But within weeks, Mr. Gingrich would find himself on the wrong end of what some Republicans labeled the “death panel” issue. Many conservatives had begun expressing anger at town hall meetings that summer because the proposed Democratic health-care law would have allowed Medicare to finance beneficiaries’ consultations with professionals on whether to authorize aggressive and potentially life-saving interventions later in life.
On Thursday, Mr. Gingrich’s spokesman confirmed that Gunderson was one of the paying clients of Mr. Gingrich’s Center for Health Transformation, a health consulting firm whose other clients have included WellPoint, the American Hospital Association, and various other major health care concerns. His spokesman, R. C. Hammond, said the center has revenues of about $5 million a year.
Additionally, yesterday The Washington Examiner’s Timothy Carney noted that Gingrich had been on the payroll of one of the pharmaceutic industry’s largest lobbying groups during the 2003 battle over whether to add a prescription drug benefit to Medicare:
A former employee of the nation’s biggest drug lobby told me Gingrich was being paid by the drug industry during the 2003 debate over the Medicare prescription drug benefit.
While the Bush White House and the Republican congressional leadership supported a bill creating a new entitlement for all seniors, Washington conservatives mostly opposed the bill. Gingrich went around Washington at the time plumping for the bill to free-market groups and activists.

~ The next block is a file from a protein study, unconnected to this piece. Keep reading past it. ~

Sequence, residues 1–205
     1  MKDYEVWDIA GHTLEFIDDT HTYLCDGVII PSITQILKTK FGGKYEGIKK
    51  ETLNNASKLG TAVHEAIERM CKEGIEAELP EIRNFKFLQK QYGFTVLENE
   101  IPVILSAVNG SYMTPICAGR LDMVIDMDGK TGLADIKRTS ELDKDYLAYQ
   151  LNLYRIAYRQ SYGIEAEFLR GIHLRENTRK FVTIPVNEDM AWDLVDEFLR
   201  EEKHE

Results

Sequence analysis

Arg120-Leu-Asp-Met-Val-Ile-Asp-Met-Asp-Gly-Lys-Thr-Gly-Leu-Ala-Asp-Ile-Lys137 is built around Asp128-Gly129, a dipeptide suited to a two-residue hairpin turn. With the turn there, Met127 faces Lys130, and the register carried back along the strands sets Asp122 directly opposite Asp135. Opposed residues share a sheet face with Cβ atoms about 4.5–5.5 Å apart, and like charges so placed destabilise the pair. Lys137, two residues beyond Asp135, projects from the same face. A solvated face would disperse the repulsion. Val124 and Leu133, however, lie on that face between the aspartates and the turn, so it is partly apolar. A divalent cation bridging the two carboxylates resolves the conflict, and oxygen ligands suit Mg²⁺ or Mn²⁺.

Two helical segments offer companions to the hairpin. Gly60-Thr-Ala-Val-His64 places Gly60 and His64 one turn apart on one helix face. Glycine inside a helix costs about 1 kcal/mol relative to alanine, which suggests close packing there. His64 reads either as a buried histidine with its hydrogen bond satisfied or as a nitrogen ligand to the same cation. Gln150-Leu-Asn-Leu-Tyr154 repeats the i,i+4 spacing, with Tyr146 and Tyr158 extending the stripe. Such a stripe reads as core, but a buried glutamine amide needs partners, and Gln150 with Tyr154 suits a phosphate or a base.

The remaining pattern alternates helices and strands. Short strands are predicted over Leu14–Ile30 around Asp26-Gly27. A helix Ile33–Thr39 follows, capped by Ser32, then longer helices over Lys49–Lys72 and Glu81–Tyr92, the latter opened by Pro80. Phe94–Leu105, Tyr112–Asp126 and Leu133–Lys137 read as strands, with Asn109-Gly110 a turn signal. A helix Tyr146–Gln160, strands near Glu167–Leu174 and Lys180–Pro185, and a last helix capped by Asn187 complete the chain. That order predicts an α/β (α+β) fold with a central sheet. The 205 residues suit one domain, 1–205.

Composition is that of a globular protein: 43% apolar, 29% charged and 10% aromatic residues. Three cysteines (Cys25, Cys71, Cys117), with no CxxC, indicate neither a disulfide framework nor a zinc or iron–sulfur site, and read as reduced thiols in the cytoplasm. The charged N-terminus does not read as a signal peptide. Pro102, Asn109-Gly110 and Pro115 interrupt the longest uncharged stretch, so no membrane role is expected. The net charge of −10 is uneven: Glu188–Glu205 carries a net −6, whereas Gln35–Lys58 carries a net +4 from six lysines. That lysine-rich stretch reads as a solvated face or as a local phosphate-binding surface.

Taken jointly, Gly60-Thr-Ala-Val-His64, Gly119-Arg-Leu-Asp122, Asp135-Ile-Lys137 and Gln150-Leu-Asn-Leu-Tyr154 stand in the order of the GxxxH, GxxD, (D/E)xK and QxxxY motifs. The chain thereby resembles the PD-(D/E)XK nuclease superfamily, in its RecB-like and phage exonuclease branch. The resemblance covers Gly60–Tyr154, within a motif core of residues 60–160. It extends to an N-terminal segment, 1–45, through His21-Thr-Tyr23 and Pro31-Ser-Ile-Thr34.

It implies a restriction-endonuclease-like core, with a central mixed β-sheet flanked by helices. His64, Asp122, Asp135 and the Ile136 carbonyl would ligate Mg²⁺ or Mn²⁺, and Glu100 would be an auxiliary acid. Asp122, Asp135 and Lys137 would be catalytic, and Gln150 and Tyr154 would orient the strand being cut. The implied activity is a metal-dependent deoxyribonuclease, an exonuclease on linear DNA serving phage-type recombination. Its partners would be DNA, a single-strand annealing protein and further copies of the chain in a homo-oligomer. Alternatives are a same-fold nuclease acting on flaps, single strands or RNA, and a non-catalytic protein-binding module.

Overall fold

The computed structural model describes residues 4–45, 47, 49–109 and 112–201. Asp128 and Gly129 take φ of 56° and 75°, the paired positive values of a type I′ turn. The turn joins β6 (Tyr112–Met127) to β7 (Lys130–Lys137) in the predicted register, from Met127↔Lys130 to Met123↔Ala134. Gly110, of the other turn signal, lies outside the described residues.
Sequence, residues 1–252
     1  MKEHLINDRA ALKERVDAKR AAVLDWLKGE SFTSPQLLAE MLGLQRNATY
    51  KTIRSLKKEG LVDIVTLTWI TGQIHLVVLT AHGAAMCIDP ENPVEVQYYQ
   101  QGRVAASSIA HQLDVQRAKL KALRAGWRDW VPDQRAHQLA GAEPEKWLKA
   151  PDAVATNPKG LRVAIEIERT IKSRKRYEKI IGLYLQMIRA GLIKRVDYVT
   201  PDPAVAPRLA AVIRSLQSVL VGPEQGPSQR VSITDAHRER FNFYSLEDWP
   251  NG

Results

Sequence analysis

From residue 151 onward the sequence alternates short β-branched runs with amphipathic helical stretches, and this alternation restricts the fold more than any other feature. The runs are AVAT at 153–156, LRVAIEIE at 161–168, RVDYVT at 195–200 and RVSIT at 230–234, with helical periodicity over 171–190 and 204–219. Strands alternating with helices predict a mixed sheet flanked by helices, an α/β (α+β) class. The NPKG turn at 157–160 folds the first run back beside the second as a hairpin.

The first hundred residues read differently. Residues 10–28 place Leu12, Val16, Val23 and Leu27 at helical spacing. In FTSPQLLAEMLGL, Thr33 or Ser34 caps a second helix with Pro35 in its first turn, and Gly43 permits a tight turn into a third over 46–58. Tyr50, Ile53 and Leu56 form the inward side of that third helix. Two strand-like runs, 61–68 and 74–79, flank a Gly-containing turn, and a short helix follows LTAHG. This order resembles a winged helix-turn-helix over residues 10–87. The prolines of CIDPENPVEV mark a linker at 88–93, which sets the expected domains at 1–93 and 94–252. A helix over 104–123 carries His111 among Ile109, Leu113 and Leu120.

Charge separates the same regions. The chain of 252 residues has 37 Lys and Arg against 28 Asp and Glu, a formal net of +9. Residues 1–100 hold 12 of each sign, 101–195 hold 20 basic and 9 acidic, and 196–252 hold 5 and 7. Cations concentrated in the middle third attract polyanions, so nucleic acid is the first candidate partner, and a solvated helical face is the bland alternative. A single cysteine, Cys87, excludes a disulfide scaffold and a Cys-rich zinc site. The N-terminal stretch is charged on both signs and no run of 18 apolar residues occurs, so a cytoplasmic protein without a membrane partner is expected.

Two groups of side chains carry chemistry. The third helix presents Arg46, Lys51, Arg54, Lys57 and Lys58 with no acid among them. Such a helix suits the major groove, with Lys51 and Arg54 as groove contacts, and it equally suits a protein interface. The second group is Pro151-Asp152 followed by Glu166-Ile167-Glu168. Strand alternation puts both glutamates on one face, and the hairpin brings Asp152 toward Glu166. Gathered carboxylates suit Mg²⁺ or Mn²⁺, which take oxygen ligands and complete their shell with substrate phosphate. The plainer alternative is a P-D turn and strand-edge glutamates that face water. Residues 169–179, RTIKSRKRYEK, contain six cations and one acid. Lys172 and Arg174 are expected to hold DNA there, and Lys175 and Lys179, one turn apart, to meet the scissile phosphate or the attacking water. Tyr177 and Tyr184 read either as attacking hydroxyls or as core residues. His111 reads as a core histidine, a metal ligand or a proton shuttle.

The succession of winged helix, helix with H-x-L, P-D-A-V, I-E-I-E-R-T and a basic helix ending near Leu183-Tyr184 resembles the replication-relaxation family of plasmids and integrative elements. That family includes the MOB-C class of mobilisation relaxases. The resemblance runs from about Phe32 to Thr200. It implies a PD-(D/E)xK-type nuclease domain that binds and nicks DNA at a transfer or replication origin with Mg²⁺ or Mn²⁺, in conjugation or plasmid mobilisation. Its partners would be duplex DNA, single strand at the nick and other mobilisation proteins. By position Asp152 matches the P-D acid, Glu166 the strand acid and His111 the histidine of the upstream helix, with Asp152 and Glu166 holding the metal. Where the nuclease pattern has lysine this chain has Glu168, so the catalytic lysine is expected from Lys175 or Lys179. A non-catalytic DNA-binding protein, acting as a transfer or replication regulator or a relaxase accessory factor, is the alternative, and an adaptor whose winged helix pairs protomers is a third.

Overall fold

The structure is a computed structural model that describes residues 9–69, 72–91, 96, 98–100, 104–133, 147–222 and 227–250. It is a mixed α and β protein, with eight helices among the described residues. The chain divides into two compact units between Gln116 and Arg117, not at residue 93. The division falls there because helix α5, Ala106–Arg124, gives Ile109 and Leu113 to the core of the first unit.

“In the height of the debate,” one conservative opponent of the bill told me, “Newt was calling around” selling the bill as a great conservative measure even though it was a new federal entitlement.
Bob Moffitt of the Heritage Foundation, another veteran of the Medicare drug battle, tells me that early in the debate Gingrich favored a Medicare drug benefit only for the poor. The drug lobby, however, had settled on backing a drug benefit for everyone on Medicare. Gingrich soon changed his tune, and began pushing the universal benefit.
The Pharmaceutical Research and Manufacturers of America is one of the largest lobbying organizations in the country, and it was a leading advocate of Bush’s Medicare drug bill, which provides billions of dollars in subsidies for seniors to buy drugs, while prohibiting Medicare from negotiating for lower drug prices.
PhRMA support for the bill was key to winning over many Republicans, and right after the bill passed, PhRMA hired one of the bill’s authors, House Commerce Committee Chairman Billy Tauzin, to be the group’s president.
A source who worked for PhRMA at the time told me that Gingrich was being paid by “someone in the drug industry” — either PhRMA, some other industry group, or a specific drug company — as a consultant during the debate over the drug benefit. My source double-checked this with a former PhRMA colleague, who had the same recollection.
All of this leads Carney to note in a subsequent article the odd defenses that were coming his way to the fact that he was shining light on Gingirch’s past as a shill for industries seeking to influence government and Gingirch’s fellow conservatives on matters which clearly benefited them. The responses boiled down to either “stop attacking conservatives” or ” what Gingrich was doing is just free enterprise.” The first response is utter nonsense, of course, but sadly an exemplar of something we see quite a lot in partisan politics. Attacks on fellow Republicans or Democrats, even if they happen to be true, are considered to be verboten and those who engage in them are quickly shunted off the reservation.